Black History Month: IBEW Leader Breaks Down Voting Barriers for People of Color in Mississippi

It took years of hard work, but Electrical Workers (IBEW) Local 2262 member and former local president Charles Horhn didn't give up on his dream. Horhn, a member of the A. Philip Randolph Institute, marched with Dr. Martin Luther King Jr. in the 1966 March Against Fear in Mississippi and worked with the Mississippi AFL-CIO, the NAACP, as well as other community and faith groups to register voters of color all over the state starting in the 1960s.

Back when Horhn began his advocacy, only 6.7% of people of color in Mississippi were registered to vote and faced intimidation and violence when they tried to exercise their right to vote. Empowered by the Civil Rights Act, Horhn was able to dispel fear and help register more and more people to vote, working with local congregations to provide transportation to make registration and voting easier.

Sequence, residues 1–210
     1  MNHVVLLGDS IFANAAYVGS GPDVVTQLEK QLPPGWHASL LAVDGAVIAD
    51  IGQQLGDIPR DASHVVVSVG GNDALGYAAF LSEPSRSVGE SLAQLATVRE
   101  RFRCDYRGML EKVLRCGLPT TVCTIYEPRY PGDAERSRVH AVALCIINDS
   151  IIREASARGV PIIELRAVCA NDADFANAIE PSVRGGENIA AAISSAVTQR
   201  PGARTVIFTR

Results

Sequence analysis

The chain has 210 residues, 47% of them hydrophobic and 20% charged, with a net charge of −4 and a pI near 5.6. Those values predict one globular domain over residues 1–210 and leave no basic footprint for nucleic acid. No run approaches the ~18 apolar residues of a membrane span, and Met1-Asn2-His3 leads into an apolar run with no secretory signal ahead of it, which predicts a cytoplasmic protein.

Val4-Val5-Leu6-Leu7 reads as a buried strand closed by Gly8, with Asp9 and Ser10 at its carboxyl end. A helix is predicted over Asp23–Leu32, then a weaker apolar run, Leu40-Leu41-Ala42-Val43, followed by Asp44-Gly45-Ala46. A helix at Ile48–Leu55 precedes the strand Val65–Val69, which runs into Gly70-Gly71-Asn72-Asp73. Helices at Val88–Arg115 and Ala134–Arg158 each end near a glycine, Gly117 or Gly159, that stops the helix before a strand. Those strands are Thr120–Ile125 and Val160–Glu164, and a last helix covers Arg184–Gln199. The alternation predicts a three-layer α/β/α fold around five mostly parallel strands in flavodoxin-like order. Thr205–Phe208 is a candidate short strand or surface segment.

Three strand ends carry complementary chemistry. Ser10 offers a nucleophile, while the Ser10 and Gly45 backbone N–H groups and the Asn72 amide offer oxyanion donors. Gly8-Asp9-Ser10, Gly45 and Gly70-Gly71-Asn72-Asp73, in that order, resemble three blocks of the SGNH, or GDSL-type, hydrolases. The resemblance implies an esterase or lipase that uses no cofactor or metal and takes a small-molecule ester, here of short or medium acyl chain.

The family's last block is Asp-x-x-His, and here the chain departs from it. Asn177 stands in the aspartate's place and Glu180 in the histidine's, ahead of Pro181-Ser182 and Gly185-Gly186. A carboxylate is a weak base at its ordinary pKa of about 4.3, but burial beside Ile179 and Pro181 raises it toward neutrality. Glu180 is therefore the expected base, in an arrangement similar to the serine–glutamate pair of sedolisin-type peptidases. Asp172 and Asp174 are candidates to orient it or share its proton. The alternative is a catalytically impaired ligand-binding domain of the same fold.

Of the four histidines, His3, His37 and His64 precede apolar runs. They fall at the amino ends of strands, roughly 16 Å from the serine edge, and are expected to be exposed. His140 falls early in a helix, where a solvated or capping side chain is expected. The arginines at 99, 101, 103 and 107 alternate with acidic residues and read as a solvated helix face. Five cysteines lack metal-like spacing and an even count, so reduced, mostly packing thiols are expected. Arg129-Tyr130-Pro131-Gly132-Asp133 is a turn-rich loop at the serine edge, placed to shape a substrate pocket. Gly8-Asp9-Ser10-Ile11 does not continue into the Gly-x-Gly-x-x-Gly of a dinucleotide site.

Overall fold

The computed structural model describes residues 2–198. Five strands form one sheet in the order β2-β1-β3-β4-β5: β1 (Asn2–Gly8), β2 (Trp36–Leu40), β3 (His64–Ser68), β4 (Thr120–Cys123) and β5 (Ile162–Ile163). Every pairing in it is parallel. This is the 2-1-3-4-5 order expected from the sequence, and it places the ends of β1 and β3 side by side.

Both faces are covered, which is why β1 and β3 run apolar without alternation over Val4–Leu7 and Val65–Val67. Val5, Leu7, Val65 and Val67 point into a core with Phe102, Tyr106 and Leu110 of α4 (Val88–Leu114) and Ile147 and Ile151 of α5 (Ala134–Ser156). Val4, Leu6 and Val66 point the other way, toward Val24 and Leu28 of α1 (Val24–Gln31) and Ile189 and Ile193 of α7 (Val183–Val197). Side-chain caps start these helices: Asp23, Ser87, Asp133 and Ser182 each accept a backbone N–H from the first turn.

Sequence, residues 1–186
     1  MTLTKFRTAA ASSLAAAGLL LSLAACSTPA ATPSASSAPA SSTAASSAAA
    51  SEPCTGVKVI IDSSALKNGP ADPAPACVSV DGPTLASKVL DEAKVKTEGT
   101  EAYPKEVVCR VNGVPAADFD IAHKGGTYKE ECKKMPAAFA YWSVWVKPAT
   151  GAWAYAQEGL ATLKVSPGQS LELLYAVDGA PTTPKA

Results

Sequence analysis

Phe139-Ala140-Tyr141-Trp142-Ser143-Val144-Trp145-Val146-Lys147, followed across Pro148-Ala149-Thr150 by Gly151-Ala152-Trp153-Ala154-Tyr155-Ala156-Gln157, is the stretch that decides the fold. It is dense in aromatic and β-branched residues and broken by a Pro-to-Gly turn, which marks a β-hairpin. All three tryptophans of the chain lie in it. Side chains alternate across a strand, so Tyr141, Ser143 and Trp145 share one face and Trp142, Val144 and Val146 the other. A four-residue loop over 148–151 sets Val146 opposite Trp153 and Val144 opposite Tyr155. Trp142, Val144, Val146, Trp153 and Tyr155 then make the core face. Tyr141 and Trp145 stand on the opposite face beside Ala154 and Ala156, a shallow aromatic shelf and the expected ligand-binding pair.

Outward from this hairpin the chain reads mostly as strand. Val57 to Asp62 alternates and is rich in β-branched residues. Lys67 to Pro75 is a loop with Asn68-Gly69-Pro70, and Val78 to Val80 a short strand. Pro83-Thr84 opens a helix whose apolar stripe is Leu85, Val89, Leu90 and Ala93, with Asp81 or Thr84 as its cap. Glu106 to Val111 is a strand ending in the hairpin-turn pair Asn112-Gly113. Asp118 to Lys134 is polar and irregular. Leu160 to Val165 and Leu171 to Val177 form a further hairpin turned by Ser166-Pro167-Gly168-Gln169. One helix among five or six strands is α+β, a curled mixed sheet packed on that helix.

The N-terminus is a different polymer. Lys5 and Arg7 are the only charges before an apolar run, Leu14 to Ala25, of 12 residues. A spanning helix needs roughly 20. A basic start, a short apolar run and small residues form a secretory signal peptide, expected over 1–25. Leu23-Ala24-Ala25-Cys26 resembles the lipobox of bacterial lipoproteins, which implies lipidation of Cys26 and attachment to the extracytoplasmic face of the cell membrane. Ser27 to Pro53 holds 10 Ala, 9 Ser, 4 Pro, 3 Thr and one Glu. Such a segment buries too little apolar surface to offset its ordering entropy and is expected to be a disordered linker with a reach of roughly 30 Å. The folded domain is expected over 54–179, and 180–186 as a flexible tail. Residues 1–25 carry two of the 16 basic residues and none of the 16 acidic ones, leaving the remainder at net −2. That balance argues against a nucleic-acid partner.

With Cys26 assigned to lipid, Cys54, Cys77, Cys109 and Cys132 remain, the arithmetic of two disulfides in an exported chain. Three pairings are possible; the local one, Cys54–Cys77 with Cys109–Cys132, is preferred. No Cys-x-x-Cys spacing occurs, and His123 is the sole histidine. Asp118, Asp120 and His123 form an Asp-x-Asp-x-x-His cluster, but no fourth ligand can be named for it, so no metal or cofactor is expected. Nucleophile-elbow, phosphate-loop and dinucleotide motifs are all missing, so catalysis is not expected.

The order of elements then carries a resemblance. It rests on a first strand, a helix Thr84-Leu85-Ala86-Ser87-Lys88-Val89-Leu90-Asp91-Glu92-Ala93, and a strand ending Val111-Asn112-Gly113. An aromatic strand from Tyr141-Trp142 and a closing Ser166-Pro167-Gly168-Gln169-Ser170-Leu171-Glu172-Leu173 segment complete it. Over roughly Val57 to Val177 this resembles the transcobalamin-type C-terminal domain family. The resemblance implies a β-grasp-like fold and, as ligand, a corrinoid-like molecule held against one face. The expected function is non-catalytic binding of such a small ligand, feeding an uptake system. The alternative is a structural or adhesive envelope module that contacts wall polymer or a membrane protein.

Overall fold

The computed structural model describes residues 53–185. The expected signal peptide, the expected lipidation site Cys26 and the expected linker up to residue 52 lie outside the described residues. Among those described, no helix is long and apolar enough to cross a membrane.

Decades of hard work paid off when enough representatives were elected to the Mississippi state legislature to overturn antiquated and discriminatory voting laws, such as the poll tax, and create a voter registration by mail system—a huge victory.  

Horhn was the president of his IBEW local for 20 years and helped to organize the plant where he worked and addressed various discriminatory practices in terms of hiring and job assignments (particularly related to African American women).  

Horhn has a message for the next generation of activists:

I encourage young people to continue to fight on for civil rights and workers' rights and always remember the history and that we're standing on someone else's shoulders.

Listen to Horhn's story here: